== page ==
Tuesday, May 17, 2011

Gasoline price relief coming soon

Gasoline prices at the pump have only just begun to decline. This chart from Bloomberg, which shows gasoline futures prices (white line) and gasoline prices at the pump, according to the Auto Club (orange line), suggests that pump prices should fall to $3.50-3.60/gallon once the dust settles, based on the decline in gasoline futures prices that has already occurred.

This next chart compares gasoline futures prices (white line) to crude oil futures prices (orange line). The action to date suggests that gasoline futures prices could decline a bit more, given the decline in crude which has already occurred. This strengthens the case made above for a substantial decline in gas prices at the pump.

In very short order, the reversal of energy prices has removed a potential stumbling block to continued economic growth, and that is good news.


Benjamin Cole said...

10-year US Treasuries down to 3.15 percent.

If investors fear inflation, it is not showing up in bonds or real estate.

The commodities have topped out--as they had to. The price signal works. We may even see gluts down the line.

Unless we go to QE3, we may become the United States of Japan.

The S&P500 is below where it was in 1999. Real estate values are at 2004-5 levels. Inflation is near zero, especially if you believe right-wingers who say the CPI overstates inflation.

Japan-style stasis may be setting in.

Bernanke can go to QE3 now, or when it becomes obvious he has to.

Bill said...


You keep refering to today's stock indexes trading at the same levels 10-12 years ago. True, but implicit in your comment is that the value of those indexes 10-12 years ago was priced correctly. I'm not the expert, but it seems to me that the Fed was pumping dollars into the economy to stave off the Y2K "calamity" and therefore may have helped to pump up stock prices artificially back then. Remember when a stock like Priceline was sky high even though it really didn't have any earnings to support it? Take a look at the S&P 500 chart going back to the 1950s and you'll see it really didn't move much until the 1980s. Maybe we're just expecting too much based on some wild spikes in the late '90s and for a brief period from '06-'07 rather than on a more thougtful analysis of the history of stock prices.

Benjamin Cole said...


No doubt you make a good point.

The market was frothy in 1999 (I don't like attributing every bubble to the Fed. The Fed is like a bartender--but still the patrons are responsible for their consumption. If investors like dot.com stocks, or houses, or commodities, and place bets--is that all the Fed's fault?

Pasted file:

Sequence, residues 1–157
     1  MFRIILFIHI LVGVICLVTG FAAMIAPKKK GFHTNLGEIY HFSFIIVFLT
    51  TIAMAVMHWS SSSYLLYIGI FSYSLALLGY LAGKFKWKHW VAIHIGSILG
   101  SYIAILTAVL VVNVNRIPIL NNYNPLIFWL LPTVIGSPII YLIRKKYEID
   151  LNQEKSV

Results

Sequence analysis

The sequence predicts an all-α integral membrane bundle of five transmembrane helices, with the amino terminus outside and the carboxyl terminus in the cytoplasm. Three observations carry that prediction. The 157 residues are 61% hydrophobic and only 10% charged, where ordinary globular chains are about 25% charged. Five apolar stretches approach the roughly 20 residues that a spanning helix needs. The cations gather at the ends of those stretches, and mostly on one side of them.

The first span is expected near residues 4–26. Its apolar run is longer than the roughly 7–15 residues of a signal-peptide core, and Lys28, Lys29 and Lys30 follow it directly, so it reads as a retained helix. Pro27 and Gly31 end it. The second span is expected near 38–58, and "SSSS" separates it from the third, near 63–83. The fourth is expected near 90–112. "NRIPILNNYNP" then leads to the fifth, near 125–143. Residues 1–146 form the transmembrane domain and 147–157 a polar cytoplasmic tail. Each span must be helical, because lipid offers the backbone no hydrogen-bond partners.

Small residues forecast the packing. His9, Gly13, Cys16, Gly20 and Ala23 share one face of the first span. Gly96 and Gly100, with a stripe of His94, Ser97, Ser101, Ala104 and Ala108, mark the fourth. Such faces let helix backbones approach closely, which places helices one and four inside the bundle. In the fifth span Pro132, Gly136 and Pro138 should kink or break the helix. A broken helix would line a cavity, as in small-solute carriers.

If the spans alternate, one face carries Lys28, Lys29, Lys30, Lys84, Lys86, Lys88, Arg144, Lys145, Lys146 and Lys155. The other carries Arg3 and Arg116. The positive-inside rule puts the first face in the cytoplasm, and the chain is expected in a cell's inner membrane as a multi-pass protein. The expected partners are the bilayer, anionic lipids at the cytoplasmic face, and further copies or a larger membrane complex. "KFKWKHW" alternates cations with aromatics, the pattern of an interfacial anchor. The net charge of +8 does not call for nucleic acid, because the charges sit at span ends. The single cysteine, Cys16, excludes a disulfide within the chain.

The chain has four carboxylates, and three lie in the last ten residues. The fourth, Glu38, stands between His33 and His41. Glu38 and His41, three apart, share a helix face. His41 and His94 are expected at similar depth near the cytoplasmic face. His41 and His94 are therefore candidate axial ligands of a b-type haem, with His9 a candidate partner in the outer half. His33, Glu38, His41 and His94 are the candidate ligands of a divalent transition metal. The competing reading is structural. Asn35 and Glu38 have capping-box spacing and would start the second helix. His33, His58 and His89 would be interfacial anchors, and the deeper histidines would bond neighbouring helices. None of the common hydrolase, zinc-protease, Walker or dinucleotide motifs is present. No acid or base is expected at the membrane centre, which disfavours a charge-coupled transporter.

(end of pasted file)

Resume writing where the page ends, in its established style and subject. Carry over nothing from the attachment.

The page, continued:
Conversely, should we continually suffocate our economy--a monetary noose--just so we have no bubbles? Deflations and depressions are even less fun.)

My point is that we hardly can said to be facing inflation if real estate prices are sinking, unit labor costs are going down, and the S&P 500 (an inflation hedge) is still down at 1999 levels.

What kind of fey inflation is this?

I am deeply worried that we are, in fact, doing a Japan. Fiscal spending, but tight money. It did not, and has not, worked in Japan for 20 years.

BTW, with the end of QE2, the markets seem to be going "poof." Commodities, stocks and real estate. Poof, poof, poof. Martin Feldstein predicted this.

I think it will be another month or two, and some sort of QE3 will become politically palatable.

William said...

Benjamin and Bill, you both make some good points. After a bubble peak in NASDAQ or in real estate, it is not unusual at all for the prices of those asset classes not to exceed their old peaks for 15 years or more.
For example gold at $880/oz in 1980 which was not exceeded until 2010. Or IBM's peak in 1969, not to be exceeded until the early 1980s.

But those examples certainly haven't precluded inflation from occurring most years in other areas. One should not look for inflation in real estate or NASDAQ asset classes but rather in other areas like natural resources of all classes - soft and hard.

For the USA, stagflation seems like a reasonable out-come to me. As for bonds not reflecting rising inflation expectations, there seems to be a persistence of the great fear bought on by the panic of 2008 - 2009. Apparently there are many investors who are scared to death of another major fall in markets who rush to bonds at every opportunity to hide from the possible calamity.

Not surprisingly, perhaps the extremely weak housing market is the underlieing key to how various asset class investors feel about the future. The housing market's persistent weakness is the only truly new situation which none of the markets are accustomed to experiencing.

Benjamin Cole said...

William and Bill-

I enjoy both your comments.

However, the DJIA also hit an all-time high 14,164 in 2007. We are still below that high also. So, in real estate and in equities, we are well below recent highs, and treading water. 10-year Treasuries are offering 3.11 percent, and have been going down (in yields).

Until QE2 ended, and the results started coming in, I was optimistic. Now I am worried again.

Bernanke has yielded to lunatic mau-mauing by people who think there is a moral virtue in lopping a monetary noose around your neck and pulling hard. People who conflate reckless federal civilian and military outlays with appropriate monetary stimulus.

Well, let's see what lies ahead. I am cautious right now.

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